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What is ‘Design Thinking’?

‘Design Thinking’ is commonly interpreted as the methodology used to approach business problems the way designers approach design problems. But the word ‘design’ in ‘Design Thinking’ seems to get in the way of business owners taking it seriously.

Forget the title for a moment and open your mind to the possibilities this way of thinking brings to business. Not only can it lead to innovative products and services but it can also reinvigorate and reenergise an organisation’s culture—and who needs a title for that! This ‘thinking’ has a home at a school within Stanford University—d.school.

What I learned at d.school – Innovation…every day

The idea behind Stanford’s d.school methodology is that for innovation to happen, it must happen where the users are (i.e. you cannot think of new ideas in the R&D or Marketing departments of your organisation).

You have to get out of your office and go to where your end users are. For example, if you are designing a new system for faster processing of data, go to where this is done. Looking at the problem must have context, and this context is where the product or service is being used.

I was lucky enough to attend the d.school executive program where—along with 87 other executives—we immersed ourselves in the world of problem solving and innovative solutions.

To enable us to apply our learnings to a ‘real client’, jetBlue and their executives allowed us access to the San Francisco airport, their passengers, and their way of doing business.

Real solutions and innovation through ‘Design Thinking’

Some of the innovations that were presented to jetBlue included:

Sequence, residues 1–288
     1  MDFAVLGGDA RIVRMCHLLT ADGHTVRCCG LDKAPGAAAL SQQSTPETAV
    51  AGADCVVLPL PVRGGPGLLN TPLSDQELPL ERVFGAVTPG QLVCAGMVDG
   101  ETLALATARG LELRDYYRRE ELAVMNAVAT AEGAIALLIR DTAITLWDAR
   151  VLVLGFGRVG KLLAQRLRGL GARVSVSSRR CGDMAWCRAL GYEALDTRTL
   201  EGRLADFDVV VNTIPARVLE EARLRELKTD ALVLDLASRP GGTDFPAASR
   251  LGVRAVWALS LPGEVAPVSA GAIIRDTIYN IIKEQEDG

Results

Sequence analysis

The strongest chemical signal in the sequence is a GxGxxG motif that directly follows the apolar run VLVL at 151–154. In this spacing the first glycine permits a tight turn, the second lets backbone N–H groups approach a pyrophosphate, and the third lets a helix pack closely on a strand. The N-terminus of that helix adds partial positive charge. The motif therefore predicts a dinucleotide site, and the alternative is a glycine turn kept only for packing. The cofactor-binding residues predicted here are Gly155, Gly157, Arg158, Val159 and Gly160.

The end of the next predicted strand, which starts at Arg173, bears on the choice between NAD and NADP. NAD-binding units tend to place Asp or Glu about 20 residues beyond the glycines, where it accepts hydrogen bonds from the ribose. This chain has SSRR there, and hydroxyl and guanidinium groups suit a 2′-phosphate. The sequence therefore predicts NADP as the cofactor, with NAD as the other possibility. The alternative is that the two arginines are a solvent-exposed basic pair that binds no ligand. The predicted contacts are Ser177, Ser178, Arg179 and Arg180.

• a family boarding pass that has all destinations, all family members flight details as well as itinerary on one ticket (instead of multiple)
  • a luggage trolley that doubles as a child pram to enable both to be wheeled around together through the airport and security
  • a ‘hand luggage’ concierge that enables you to check in your hand luggage at the gate to ensure it is above your seat during the flight—this means faster onloading and disembarking, plus gives freedom back to the passengers so they can utilise the airport’s facilities without dragging along a bag.

On top of the ideas, design thinking also brings energy and optimism to an organisation. The passion and energy, the power of team diversity, and the insights and learnings of seeing things from another perspective were the takeaways that can be brought back to our own country, organisations and teams.

Bringing it home—Poppy Cakes example

I knew that on returning to Australia, I would have to prove that the process worked in a business environment. So I decided I would create a new innovative product for Poppy Cakes.

I gave myself $0 budget and one week! The concept was based on my observations of the cake buying process. A cake/ cupcakes are ordered for special occasions such as birthdays.

On the day of the event, everyone rushes around buying the cake and other things that make up the party—plates, serviettes, cups, etc.

The concept I came up with was ‘Party in a Box’. The cakes and everything you need are in one box. Order, pick up, set up, celebrate, and at the end, all items are 100% recyclable so the tidy up bit is easy!

This concept went on to win the BRW Best Creative Business Idea! The bottom line is time and money isn’t a barrier to innovation. It doesn’t matter if your company is an SME or a large global organisation—’Design Thinking’ is scalable.

Summary

No matter what it’s called ‘Design Thinking’ is a process and framework to solve complicated business problems. It demonstrates the power of learning by doing, and creates energy and teamwork dynamics that cannot be achieved through endless meetings and writing of reports.

Which organisation (and business owner) doesn’t need some energy in the current challenging business conditions. So what are you waiting for? Make innovation part of your organisation’s every day.

I’d be interested to hear your experiences in applying ‘Design Thinking’ to solve business problems and drive innovation.

Further information:

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